*This is an updated re-post from December 2015* Being a mother… and thinking about God’s Mother. When one of my boys was little he announced, ‘I know why God was mean in the Old Testament and nice in the New Testament.’ ‘Why’s that?’ I asked. ‘Because in the Old Testament, he didn’t have a mummy.’ […]
I do know that I’m grateful to have studied theology to find wider and richer traditions, and I know that every Christmas I think of Mary in a particular way, in a way that only another mother can think.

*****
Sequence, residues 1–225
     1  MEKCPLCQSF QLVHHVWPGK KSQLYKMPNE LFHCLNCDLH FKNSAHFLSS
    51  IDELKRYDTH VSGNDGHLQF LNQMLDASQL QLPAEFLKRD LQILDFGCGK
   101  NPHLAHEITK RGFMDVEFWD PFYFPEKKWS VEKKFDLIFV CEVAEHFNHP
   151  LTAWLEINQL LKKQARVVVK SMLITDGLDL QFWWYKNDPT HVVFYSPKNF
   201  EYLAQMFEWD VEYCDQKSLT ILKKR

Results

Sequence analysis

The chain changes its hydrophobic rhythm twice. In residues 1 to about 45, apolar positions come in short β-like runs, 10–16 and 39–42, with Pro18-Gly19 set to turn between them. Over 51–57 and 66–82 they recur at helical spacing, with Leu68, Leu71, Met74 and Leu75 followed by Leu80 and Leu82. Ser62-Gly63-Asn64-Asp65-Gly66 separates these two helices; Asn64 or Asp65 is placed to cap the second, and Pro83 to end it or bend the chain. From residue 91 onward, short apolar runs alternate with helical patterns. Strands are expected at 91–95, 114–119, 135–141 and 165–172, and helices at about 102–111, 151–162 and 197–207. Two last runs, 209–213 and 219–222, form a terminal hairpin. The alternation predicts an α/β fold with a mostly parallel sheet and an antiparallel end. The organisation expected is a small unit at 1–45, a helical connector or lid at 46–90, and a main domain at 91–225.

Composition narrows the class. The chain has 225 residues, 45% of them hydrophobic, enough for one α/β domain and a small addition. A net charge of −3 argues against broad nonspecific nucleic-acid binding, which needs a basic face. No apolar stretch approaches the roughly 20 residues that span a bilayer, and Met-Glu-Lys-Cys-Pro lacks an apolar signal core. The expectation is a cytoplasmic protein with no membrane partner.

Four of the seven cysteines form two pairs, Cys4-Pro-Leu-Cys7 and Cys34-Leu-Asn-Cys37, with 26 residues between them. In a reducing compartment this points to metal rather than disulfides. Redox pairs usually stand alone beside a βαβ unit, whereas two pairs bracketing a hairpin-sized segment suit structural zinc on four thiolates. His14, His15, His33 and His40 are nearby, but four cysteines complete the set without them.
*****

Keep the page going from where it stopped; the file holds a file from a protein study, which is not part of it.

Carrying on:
If the incarnation is, at its heart, about God becoming human, then we can see strong lines of continuity between how God was always oriented and what God became in Christ. God had an incarnational ‘impulse’ from the beginning.
There are some things only a mother knows – childbirth is one of them. It is raw, powerful, emotional, potentially frightening, and awesome. It is exhausting and elating at the same time – and it is kind of icky – but in a way that you just don’t care.
The Incarnation… The incarnation forms the climactic turning point of sacred history. The high point in the grand biblical drama of redemption involved the self-emptying descent of God in Jesus. For many, the incarnation may seem like a 33-year anomaly in the life of God. The God who is otherwise transcendent or at least invisible […]